Readers' letters - December 19

Rise in accidents due to '˜smart' roads

Wednesday, 3rd January 2018, 3:35 pm
Updated Wednesday, 3rd January 2018, 4:40 pm
Do we need hard shoulders on motorways?

A motorway accident last month was a prime example of why having no hard shoulder is extremely dangerous.

A broken down car was hit very hard from the rear by another bigger car, closing two lanes.

Had the hard shoulder been there, this would have been avoidable.

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How can the so-called experts say that, if someone breaks down, they should get to one of the refuge areas?

If you break down, you break down, there is no “I think I’ll break down next to the refuge”.

The occupants of that particular car were very lucky this time.

Next time it could be a young family with a mum trying to get children out of the broken down car to safety.

Every day there are accidents on the so-called smart motorways (M1/


The number of collisions has increased significantly since so-called smart technology was


It’s about time Highways saw sense and maintained a hard shoulder, whenever possible, throughout the

day and night.

Graham Donaldson

via email


It’s now time to admit defeat

The debacle regarding the Shared Space Concept along Fishergate has now got to farcical proportions and is an embarrassment to us all.

Let me start with the infamous bollards and ask that those in authority come to their senses.

Just how many times are the public going to put up with the stupidity of replacing a bollard innumerable times before the message sinks in that this is inappropriate and it’s important to look into why this keeps happening.

Now I just wonder if Simon Rigby will allow those that make these decisions into Level in the Guild Hall. There they will see a bowling alley with pins all in white against a black background at the end of each alley. And why are they white? In order that they can be seen against that black background.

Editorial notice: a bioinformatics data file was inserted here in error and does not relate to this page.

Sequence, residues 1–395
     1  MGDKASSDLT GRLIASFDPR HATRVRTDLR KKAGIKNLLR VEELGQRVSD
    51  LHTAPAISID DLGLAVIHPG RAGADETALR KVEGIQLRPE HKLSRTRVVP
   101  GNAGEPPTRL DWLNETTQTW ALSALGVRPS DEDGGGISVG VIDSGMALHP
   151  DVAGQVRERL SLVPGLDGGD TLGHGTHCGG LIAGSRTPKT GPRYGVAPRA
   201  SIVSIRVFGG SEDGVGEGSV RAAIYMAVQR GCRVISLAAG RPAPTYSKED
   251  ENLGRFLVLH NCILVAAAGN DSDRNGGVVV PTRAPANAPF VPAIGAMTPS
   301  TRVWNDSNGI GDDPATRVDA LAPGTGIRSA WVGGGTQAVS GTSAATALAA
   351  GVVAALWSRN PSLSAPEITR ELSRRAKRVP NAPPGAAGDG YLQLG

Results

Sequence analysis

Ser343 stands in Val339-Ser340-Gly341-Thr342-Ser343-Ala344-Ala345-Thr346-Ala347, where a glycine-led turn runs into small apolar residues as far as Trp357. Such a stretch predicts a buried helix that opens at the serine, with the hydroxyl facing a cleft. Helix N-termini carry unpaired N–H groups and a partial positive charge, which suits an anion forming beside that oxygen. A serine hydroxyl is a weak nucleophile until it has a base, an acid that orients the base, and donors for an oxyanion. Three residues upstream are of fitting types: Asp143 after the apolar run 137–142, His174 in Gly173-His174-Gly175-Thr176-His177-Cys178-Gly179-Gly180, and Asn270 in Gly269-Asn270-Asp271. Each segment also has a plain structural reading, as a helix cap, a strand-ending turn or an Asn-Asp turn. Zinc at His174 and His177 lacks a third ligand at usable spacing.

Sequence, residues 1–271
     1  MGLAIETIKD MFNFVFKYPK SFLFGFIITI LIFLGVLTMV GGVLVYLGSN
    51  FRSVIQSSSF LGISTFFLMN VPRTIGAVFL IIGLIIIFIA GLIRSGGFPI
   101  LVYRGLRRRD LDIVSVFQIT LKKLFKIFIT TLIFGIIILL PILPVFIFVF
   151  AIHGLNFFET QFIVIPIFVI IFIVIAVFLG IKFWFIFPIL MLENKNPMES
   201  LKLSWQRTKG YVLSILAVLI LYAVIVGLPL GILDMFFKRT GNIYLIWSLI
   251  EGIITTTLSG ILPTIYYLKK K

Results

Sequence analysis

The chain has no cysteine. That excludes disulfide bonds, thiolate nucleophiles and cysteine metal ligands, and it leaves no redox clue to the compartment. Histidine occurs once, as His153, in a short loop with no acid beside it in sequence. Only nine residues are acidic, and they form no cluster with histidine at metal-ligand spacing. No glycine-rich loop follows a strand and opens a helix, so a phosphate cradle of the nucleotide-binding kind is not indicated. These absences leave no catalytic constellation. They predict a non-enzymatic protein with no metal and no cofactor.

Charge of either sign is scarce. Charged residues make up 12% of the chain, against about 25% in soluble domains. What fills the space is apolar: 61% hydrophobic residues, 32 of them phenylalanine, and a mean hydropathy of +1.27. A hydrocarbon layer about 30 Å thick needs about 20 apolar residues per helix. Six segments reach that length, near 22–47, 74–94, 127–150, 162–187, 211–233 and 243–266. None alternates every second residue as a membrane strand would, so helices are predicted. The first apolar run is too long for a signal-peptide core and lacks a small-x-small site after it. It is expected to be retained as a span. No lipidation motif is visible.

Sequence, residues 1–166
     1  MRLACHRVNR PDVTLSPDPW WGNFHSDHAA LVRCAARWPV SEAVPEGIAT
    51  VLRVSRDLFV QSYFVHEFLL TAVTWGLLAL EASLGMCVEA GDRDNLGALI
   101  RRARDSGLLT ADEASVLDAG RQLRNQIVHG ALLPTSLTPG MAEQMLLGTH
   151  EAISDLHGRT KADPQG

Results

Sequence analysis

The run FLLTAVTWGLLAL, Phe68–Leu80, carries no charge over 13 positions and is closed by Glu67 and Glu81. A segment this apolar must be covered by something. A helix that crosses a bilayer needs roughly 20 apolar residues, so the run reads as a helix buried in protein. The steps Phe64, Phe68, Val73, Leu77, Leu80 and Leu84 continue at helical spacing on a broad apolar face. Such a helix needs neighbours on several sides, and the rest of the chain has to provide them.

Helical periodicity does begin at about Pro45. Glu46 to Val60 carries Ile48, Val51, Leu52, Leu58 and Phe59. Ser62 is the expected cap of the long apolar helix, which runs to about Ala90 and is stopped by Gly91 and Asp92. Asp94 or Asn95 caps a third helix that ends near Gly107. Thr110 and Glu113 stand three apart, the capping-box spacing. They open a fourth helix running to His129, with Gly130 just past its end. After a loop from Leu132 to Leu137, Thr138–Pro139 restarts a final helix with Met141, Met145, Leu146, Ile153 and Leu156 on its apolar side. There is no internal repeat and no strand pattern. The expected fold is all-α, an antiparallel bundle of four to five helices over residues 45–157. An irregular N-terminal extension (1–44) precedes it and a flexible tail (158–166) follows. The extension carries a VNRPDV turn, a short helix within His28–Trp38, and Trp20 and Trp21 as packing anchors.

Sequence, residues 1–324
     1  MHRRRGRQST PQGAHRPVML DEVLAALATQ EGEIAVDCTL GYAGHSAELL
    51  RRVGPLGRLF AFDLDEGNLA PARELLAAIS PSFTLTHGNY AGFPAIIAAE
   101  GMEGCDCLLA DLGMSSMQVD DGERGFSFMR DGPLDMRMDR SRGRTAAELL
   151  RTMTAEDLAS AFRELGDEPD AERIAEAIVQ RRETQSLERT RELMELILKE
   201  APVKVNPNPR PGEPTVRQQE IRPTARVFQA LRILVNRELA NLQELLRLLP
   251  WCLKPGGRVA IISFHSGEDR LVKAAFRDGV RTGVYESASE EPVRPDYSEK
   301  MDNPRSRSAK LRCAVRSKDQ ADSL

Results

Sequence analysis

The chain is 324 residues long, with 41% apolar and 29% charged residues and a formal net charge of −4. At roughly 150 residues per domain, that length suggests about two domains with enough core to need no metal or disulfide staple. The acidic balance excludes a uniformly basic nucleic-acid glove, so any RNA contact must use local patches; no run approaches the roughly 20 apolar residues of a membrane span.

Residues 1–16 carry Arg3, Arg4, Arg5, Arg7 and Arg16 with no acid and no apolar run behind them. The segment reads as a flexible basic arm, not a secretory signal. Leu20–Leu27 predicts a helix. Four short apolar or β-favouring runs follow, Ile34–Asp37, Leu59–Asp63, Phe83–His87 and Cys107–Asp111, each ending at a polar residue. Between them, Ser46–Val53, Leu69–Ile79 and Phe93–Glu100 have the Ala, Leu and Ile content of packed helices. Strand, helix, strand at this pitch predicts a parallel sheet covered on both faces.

Yet what ‘pins’ do we see on Fishergate/Corporation Street? Camouflaged ones against the road..

I’ve never heard of such a silly concept as this, and it’s supposed to be for safety reasons. It is obvious to anyone with just one brain cell that such a safety feature should also be obvious to road users.

But is it?

Of course not, so why persist with something that is clearly not fit for purpose? Using some airy excuse that it blends (really?) in with the overall concept defies belief and reason. Ditch it in favour of something more obvious.

Then we have the new headache of protecting the public against mobile terror attacks. Hmm, I bet that never entered the designers’ heads when this shared space concept was drawn up, despite previous such attacks around this country and the world.

Then we have their less than brilliant idea of thwarting the attackers by putting up planters. Who, er, planted that idea into their heads?

It does not take a genius to work out a possible scenario from past experiences as to what might happen. A 44- tonne juggernaut makes its way undetected. And what do we have to put in the way of this fearsome beast? A bunch of small wooden planters to halt its path.

Come to Walmer Bridge and see some real planters that would stop such a vehicle dead in its tracks.

The original idea was for some, like those being suggested for Fishergate, which could hold mulberry BUSHES. For whatever reason, we ended up with some designed to take mulberry TREES. The planters are monsters, about 2m in diameter and chest high.

Finally we have the ‘dreaded’ enforcement cameras which people are ignoring.

The powers-that-be seem to think that fines will alter drivers’ behaviour, yet the figures prove this to be a mis-guided idea.

What it does prove is that some drivers will not be pushed around into taking ridiculously long routes to get to where they want to go, so take the shortest option, even if that means a fine.

Oh and me? Yes, I’ve gone down the ‘forbidden road’ a number of times ... by bus!

Aren’t I the smug one?

Er, no, because then I have to squeeze myself past all those darn massive planters.

Yet another planning, or more like execution, disaster.

Neil Swindlehurst

Walmer Bridge


Give cash to NHS, not banks

Philip Hammond is giving the NHS £2.8bn over the next two years but is cutting bank taxes by £4.4bn. The health service needs £8bn yet preference has gone to the tax on bank debt. Shadow chancellor John McDonnell said it’s shameful we get large handouts for banks when care services cry out for more to cope.

A Hague via email